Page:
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Logo of biotbiofuelBioMed CentralBiomed Central Web Sitesearchsubmit a manuscriptregisterthis articleBiotechnology for Biofuels
 
Biotechnol Biofuels. 2012; 5: 9.
Published online Feb 28, 2012. doi:  10.1186/1754-6834-5-9
PMCID: PMC3310832
Optimization of a synthetic mixture composed of major Trichoderma reesei enzymes for the hydrolysis of steam-exploded wheat straw
Hélène Billard,1 Abdelaziz Faraj,2 Nicolas Lopes Ferreira,1 Sandra Menir,1 and Senta Heiss-Blanquetcorresponding author1
1IFP Energies nouvelles, Biotechnology Department, 1 et 4 Avenue de Bois-Préau, 92852 Rueil-Malmaison Cedex, France
2IFP Energies nouvelles, Applied Mathematics Department, 1 et 4 Avenue de Bois-Préau, 92852 Rueil-Malmaison Cedex, France
corresponding authorCorresponding author.
Hélène Billard: helene.billard/at/wanadoo.fr; Abdelaziz Faraj: abdelaziz.faraj/at/ifpen.fr; Nicolas Lopes Ferreira: nicolas.lopes-ferreira/at/ifpen.fr; Sandra Menir: sandra.menir/at/ifpen.fr; Senta Heiss-Blanquet: senta.blanquet/at/ifpen.fr
Received December 2, 2011; Accepted February 28, 2012.
Abstract
Background
An efficient hydrolysis of lignocellulosic substrates to soluble sugars for biofuel production necessitates the interplay and synergistic interaction of multiple enzymes. An optimized enzyme mixture is crucial for reduced cost of the enzymatic hydrolysis step in a bioethanol production process and its composition will depend on the substrate and type of pretreatment used. In the present study, an experimental design was used to determine the optimal composition of a Trichoderma reesei enzyme mixture, comprising the main cellulase and hemicellulase activities, for the hydrolysis of steam-exploded wheat straw.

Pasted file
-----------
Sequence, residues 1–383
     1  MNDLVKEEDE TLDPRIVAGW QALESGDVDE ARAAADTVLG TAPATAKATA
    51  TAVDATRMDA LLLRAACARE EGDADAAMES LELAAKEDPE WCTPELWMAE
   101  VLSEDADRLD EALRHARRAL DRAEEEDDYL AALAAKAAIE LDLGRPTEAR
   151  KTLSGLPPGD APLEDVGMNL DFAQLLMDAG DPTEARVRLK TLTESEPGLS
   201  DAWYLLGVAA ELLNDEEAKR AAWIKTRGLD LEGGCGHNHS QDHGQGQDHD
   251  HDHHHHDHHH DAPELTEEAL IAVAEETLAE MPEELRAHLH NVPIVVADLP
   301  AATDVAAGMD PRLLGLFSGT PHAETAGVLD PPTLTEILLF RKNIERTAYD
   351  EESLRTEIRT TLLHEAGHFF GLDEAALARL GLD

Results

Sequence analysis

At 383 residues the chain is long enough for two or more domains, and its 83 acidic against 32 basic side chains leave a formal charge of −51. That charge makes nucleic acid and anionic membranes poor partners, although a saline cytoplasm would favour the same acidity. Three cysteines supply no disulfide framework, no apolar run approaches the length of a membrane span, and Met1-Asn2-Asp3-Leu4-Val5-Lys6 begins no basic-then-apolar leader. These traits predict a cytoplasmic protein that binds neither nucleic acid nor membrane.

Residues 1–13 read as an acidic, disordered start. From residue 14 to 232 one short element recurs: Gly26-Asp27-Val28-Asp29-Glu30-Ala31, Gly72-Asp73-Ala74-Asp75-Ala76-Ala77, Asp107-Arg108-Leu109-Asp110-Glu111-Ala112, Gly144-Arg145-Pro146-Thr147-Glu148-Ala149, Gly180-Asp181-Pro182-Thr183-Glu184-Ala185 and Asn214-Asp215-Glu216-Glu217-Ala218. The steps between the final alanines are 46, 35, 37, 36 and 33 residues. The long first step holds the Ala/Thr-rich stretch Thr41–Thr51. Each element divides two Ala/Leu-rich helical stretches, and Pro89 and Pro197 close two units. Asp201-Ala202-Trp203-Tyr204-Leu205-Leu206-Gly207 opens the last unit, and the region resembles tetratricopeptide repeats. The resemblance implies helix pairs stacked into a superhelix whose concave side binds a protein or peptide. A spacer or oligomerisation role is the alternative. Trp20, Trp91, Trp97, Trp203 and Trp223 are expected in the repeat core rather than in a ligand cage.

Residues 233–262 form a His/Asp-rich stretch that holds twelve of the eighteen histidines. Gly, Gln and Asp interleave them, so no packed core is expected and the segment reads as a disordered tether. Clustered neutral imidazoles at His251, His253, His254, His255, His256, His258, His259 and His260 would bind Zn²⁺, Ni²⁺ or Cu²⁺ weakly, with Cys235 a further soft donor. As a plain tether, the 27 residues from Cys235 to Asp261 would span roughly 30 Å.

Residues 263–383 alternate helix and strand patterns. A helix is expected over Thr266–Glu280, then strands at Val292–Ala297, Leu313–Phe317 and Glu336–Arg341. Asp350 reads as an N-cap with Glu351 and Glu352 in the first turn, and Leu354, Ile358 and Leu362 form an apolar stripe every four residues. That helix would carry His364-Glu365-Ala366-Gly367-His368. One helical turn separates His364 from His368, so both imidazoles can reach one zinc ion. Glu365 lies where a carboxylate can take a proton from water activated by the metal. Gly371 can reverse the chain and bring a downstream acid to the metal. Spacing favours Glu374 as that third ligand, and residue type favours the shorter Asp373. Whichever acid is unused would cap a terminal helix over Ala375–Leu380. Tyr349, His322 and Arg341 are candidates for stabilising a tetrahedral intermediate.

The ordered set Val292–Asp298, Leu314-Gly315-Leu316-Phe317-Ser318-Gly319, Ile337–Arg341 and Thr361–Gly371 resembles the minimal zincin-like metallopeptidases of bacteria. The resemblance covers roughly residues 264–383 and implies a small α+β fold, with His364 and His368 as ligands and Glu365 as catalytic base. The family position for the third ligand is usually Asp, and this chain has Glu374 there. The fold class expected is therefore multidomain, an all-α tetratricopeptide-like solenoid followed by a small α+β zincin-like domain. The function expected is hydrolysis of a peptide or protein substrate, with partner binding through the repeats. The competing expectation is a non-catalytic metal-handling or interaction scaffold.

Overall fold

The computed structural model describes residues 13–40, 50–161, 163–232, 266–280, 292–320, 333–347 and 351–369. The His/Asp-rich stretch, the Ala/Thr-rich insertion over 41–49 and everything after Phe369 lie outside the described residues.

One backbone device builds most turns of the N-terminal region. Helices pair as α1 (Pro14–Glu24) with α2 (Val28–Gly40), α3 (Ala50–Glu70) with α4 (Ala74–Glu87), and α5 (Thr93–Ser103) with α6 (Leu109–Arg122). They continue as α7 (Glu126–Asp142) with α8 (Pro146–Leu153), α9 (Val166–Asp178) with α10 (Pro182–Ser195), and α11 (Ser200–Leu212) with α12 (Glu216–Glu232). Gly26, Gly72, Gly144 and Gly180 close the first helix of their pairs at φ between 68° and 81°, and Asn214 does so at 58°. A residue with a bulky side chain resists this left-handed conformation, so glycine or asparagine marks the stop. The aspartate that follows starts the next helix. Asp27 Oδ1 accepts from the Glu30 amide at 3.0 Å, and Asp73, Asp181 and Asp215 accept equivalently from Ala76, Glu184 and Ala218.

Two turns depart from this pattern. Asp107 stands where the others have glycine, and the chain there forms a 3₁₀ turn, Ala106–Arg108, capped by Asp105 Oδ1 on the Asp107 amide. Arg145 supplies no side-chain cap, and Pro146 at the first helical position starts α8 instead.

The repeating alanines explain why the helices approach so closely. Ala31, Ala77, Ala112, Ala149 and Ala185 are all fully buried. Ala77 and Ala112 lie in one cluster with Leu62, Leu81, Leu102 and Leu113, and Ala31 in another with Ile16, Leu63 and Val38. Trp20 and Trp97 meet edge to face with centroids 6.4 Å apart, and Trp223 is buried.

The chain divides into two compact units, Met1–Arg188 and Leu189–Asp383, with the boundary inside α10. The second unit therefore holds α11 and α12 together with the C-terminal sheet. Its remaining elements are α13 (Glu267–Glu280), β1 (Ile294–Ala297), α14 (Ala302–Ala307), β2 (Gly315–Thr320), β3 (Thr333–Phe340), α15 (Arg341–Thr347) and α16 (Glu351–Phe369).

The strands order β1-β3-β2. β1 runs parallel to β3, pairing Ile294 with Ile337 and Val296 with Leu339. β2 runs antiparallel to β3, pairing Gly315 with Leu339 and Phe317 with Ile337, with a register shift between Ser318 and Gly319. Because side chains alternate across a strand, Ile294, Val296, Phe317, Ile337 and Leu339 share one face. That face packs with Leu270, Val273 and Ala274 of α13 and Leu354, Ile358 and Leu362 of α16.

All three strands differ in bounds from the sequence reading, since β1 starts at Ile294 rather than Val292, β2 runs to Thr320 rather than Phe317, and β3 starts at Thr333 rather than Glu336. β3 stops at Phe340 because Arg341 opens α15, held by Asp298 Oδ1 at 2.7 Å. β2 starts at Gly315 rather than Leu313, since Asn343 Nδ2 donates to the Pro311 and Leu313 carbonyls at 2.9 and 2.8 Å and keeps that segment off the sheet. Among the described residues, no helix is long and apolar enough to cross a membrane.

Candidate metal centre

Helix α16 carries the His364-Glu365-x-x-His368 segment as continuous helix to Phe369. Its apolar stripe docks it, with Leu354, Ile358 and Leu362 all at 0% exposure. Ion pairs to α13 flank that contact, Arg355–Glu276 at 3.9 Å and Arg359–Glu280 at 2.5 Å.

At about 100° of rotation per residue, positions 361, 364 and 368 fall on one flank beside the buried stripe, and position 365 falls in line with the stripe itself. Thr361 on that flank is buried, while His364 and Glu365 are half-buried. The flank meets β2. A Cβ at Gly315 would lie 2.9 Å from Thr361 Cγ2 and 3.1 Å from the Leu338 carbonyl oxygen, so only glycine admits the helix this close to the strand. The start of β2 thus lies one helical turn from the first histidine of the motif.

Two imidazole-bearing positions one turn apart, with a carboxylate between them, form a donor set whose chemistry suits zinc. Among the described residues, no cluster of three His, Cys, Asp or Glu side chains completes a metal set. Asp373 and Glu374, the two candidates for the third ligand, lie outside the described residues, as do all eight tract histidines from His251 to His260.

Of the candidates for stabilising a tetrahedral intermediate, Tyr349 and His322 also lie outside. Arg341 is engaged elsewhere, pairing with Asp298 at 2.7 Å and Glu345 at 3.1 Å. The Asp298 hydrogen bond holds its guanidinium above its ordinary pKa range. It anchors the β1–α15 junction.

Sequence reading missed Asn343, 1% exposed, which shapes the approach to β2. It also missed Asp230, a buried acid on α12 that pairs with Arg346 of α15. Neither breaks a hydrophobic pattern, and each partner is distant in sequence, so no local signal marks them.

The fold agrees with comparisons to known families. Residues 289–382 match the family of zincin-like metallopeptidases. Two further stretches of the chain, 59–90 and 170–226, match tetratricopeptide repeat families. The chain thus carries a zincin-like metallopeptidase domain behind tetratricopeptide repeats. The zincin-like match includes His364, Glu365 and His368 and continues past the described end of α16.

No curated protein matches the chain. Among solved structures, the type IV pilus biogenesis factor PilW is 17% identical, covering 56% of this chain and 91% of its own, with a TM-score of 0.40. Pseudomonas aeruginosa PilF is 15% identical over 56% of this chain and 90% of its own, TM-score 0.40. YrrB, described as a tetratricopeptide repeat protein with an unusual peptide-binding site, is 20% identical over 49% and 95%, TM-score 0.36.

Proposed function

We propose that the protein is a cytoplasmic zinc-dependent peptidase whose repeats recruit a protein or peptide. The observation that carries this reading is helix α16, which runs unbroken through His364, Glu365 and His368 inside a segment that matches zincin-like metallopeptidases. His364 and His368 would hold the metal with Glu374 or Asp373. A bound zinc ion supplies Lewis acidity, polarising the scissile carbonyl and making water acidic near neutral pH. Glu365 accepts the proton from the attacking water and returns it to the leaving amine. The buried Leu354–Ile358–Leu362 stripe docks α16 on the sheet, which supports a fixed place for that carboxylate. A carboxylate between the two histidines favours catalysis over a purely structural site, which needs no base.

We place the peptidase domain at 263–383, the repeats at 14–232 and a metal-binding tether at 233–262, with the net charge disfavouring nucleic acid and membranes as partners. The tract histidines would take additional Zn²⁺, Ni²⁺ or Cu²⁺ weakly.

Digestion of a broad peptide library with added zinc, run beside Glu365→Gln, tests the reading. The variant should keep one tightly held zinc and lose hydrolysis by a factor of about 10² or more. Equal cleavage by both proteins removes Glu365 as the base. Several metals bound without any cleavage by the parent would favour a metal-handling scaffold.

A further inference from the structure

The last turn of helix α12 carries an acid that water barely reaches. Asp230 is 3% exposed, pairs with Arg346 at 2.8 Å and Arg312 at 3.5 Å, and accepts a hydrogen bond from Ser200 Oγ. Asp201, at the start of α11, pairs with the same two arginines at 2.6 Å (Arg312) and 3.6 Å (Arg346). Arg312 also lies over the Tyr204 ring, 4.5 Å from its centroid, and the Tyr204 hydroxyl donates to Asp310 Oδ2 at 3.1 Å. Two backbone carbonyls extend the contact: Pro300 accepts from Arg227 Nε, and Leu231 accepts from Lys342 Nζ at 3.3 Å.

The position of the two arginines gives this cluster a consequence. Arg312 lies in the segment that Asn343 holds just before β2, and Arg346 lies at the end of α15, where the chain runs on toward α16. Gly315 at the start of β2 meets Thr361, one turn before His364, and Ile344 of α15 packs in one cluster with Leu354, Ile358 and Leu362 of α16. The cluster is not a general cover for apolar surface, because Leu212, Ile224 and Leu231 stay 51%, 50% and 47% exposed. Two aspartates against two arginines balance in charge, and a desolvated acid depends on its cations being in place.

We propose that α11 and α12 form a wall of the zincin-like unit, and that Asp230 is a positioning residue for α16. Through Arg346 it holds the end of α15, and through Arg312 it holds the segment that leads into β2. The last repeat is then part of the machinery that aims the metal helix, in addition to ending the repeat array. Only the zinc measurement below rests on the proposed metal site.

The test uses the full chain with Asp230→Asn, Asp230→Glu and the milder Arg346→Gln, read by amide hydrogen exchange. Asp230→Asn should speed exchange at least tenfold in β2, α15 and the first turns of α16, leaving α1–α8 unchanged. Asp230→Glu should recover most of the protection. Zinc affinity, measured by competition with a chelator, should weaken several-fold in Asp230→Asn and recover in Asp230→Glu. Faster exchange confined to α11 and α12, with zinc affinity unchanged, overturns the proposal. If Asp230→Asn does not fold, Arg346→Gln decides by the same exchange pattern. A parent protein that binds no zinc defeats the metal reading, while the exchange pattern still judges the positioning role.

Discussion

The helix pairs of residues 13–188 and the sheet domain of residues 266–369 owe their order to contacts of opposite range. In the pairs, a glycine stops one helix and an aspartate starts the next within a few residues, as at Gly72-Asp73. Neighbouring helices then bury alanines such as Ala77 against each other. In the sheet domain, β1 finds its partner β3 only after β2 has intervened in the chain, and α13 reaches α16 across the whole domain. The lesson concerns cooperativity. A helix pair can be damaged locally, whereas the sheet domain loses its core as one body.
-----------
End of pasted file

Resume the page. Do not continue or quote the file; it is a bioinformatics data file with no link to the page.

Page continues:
Methods
Six enzymes, CBH1 (Cel7a), CBH2 (Cel6a), EG1 (Cel7b), EG2 (Cel5a), as well as the xyloglucanase Cel74a and the xylanase XYN1 (Xyl11a) were purified from a T. reesei culture under lactose/xylose-induced conditions. Sugar release was followed in milliliter-scale hydrolysis assays for 48 hours and the influence of the mixture on initial conversion rates and final yields is assessed.
Results
The developed model could show that both responses were strongly correlated. Model predictions suggest that optimal hydrolysis yields can be obtained over a wide range of CBH1 to CBH2 ratios, but necessitates a high proportion of EG1 (13% to 25%) which cannot be replaced by EG2. Whereas 5% to 10% of the latter enzyme and a xylanase content above 6% are required for highest yields, these enzymes are predicted to be less important in the initial stage of hydrolysis.
Conclusions
The developed model could reliably predict hydrolysis yields of enzyme mixtures in the studied domain and highlighted the importance of the respective enzyme components in both the initial and the final hydrolysis phase of steam-exploded wheat straw.
Keywords: Trichoderma reesei, cellulases, xylanase, wheat straw, enzymatic hydrolysis, experimental design
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